A stay on a traditional Uruguayan working farm is a unique highlight of any visit to Uruguay. Estancias are a quintessential part of Uruguay’s character and identity.
Gauchos – a symbol of Uruguay
Despite its relatively small contribution in terms of GDP and employment, agriculture forms a large part of Uruguay’s exporting economy. Tiny Uruguay exports more beef than Argentina, a market now worth about US$1.5bn year. Meat and sheep farming occupies 60% of its land.
And with four times as many cattle as humans, the continued need for professional Gauchos – Uruguay’s cowboys – is obvious. Historically, a gaucho represented skill and bravery, with a reputation of being both noble and unruly. Although nowadays simply translated as a ‘countryman experienced in livestock farming’, the gaucho in its traditional sense remains a symbol of Uruguay.
Visiting a Uruguayan Estancia
A stay on a traditional estancia is an experience popular among foreign tourists. There are different options to choose from, ranging from large working farms to family-friendly tourist ranches.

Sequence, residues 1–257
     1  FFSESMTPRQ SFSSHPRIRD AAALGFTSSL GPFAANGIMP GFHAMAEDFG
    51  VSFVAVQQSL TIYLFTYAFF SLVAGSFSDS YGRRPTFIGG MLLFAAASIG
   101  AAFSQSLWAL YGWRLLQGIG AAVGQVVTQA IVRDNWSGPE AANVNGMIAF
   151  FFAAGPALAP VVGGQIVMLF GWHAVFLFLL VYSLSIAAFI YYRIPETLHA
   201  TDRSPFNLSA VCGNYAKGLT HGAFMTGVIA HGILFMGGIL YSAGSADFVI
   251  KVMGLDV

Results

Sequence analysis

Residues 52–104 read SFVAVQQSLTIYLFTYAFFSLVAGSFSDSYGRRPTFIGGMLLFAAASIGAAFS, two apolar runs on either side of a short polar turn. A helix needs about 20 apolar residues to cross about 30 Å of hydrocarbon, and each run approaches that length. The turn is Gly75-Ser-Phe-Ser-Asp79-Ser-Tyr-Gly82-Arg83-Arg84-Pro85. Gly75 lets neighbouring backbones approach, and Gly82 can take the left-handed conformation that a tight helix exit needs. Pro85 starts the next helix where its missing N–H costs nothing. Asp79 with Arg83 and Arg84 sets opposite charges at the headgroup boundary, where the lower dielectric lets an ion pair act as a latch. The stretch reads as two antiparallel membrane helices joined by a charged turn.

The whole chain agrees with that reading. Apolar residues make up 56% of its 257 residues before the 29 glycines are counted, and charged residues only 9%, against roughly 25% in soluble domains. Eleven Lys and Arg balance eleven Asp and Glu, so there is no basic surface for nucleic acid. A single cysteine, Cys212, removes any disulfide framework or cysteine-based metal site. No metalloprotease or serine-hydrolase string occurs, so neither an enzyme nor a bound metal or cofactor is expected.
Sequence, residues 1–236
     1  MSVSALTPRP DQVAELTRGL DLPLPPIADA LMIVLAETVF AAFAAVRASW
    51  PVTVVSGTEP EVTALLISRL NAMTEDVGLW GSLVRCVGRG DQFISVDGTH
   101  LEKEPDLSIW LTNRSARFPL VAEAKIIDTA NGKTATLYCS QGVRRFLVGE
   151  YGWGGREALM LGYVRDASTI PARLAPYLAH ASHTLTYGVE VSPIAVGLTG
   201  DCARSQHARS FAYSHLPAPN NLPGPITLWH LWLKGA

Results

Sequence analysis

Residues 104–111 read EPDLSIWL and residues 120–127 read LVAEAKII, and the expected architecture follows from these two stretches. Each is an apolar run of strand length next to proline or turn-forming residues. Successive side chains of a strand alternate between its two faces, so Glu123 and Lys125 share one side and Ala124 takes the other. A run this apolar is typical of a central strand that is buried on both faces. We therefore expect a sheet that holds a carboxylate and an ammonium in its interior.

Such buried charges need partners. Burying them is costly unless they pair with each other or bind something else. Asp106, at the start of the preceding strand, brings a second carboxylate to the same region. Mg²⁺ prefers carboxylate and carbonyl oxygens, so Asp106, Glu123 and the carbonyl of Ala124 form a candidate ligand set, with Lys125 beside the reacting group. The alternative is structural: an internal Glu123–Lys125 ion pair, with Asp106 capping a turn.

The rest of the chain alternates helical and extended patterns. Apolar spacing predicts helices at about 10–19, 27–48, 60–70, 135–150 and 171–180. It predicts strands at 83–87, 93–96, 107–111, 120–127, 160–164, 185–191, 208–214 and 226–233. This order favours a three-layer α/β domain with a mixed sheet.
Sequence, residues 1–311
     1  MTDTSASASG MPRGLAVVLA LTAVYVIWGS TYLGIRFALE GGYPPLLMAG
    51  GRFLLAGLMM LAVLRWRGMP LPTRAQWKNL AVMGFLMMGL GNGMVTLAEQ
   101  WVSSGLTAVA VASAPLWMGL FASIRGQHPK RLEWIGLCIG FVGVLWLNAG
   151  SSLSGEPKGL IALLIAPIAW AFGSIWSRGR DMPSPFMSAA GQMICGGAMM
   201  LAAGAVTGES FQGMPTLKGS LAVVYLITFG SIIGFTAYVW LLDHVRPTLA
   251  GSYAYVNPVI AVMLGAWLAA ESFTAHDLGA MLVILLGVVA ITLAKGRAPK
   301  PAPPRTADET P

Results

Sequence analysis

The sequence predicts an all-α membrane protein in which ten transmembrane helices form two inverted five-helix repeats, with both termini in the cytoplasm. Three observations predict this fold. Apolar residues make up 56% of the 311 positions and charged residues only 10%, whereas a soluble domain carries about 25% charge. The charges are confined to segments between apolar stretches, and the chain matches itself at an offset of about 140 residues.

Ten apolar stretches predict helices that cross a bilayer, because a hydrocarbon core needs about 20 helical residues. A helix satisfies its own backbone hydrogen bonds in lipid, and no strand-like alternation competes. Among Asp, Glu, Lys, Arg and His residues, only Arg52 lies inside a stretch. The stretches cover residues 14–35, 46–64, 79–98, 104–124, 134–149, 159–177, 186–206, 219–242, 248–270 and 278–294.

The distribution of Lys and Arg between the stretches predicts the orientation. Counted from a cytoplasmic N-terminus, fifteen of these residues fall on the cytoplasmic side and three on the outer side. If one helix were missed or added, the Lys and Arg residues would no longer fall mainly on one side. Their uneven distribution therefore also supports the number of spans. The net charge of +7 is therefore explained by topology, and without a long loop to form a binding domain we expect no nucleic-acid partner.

Many estancias allow (and welcome) visitors to get stuck in with their daily work and experience life as a farmer or gaucho first hand. Others are places where you can relax, soak up the countryside and simply enjoy rural life. Some are more geared towards adventurous folk, whereas others are particularly welcoming to families with children.
Find an estancia to suit your needs
Estancias that are open to visitors can be found all over Uruguay. Many are dotted around the central part of the country, but there are also several estancias around Rocha, close to the popular tourist destination of Punta del Este.
What’s included in your stay also depends on each estancia, and often you can choose from different options. Some offer bed & breakfast, others full board meal options. Many farms offer optional activities like horse riding, tractor riding or canoeing.